Peter Macinnis' book Poisons is an intriguing overview of poisons and their use through the years. Written in a conversational style, this unusual mix of historical and scientific writing is worth reading for anyone who likes mysteries or science.
An interesting historical account of poisons from all over the globe, and the tragic effects suffered by those who met their fates therein. Lots of interesting toxicology information on how the human body processes poisonous substances.
The book was as if someone took each sentence, cut it out of a piece of paper then played a game of 52 pick-up to put it back together again. I would be remiss to pretend I could make it through to the end.
Sarah Trabert
Interesting tidbits but the writing is not great. The author tends to jump from story to story with few transitions and multiple tales repeat the same points.
Bah! Pretty crazy stuff. Great for people who are science geeks like myself. Or if you happened to like subjects that have to do with Jack the Ripper...
Got to love these historical biographies...lots of information about the poisons you've grown to know and love, and the people who used them.
I love what he does with words and when he tackles a subject you know you've got the whole story. Funny and informative.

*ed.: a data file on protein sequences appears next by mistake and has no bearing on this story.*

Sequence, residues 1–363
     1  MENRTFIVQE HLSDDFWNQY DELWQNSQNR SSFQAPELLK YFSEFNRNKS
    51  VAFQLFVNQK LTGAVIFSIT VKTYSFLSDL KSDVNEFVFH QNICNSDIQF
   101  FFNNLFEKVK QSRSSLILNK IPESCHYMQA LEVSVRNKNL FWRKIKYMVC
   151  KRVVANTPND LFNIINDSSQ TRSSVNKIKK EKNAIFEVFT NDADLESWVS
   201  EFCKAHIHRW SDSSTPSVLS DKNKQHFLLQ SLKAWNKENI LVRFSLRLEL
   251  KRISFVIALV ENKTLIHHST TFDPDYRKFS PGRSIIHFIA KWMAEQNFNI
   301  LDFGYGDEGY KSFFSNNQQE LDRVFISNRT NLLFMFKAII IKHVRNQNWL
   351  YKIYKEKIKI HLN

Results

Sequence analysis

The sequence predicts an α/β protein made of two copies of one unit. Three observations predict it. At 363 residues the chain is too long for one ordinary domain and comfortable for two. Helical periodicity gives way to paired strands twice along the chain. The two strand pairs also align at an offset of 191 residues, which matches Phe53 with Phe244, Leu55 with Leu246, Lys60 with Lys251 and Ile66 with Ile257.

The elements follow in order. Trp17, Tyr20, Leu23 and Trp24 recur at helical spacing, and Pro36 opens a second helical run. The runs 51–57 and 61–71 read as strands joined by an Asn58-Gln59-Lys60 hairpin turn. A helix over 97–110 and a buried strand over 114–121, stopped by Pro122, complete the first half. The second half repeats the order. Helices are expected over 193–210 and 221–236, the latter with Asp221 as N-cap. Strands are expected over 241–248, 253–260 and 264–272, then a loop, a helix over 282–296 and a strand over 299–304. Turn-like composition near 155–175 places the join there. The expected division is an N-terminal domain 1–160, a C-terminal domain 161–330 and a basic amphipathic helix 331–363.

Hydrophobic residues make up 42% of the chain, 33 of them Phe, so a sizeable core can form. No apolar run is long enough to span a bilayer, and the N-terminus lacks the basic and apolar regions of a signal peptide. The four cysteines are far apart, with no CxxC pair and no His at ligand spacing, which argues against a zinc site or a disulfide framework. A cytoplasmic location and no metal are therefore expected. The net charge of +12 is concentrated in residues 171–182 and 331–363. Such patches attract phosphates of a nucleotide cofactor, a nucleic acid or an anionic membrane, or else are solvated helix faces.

confusing - not well organized. gets lost in details and compromises narrative flow & clarity of information.
Dec 19, 2009 Lisa marked it as to-read
Poisons: From Hemlock to Botox to the Killer Bean of Calabar by Peter Macinnis (2005)
You know the song "We didn't start the fire"? This is a lot like this but with poisons.
Jul 16, 2012 Kristen marked it as didnt-finish
Shelves: non-fiction
Nothing against the book; I just lost interest in the topic.
T. Strange
Some good turns of phrase. Not terribly readable. Very shallow.
Dec 30, 2008 Amanda is currently reading it

I need to know what my character died of.
Boring, unorganized, and crap writing
Uses, abuses and very enlightening.
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Happy grandfather, travels, writes for adults and youngsters, mainly history or science. Published by the National Library of Australia (Australian Backyard Naturalist May 2012, another book Curious Minds October, 2012, Big Book of Australian History, 2013). Talks on ABC (RN), translated into 7 other languages. Winner of the W.A. Premier's Prize for Children's Literature 2013 and other awards.

More about Peter Macinnis...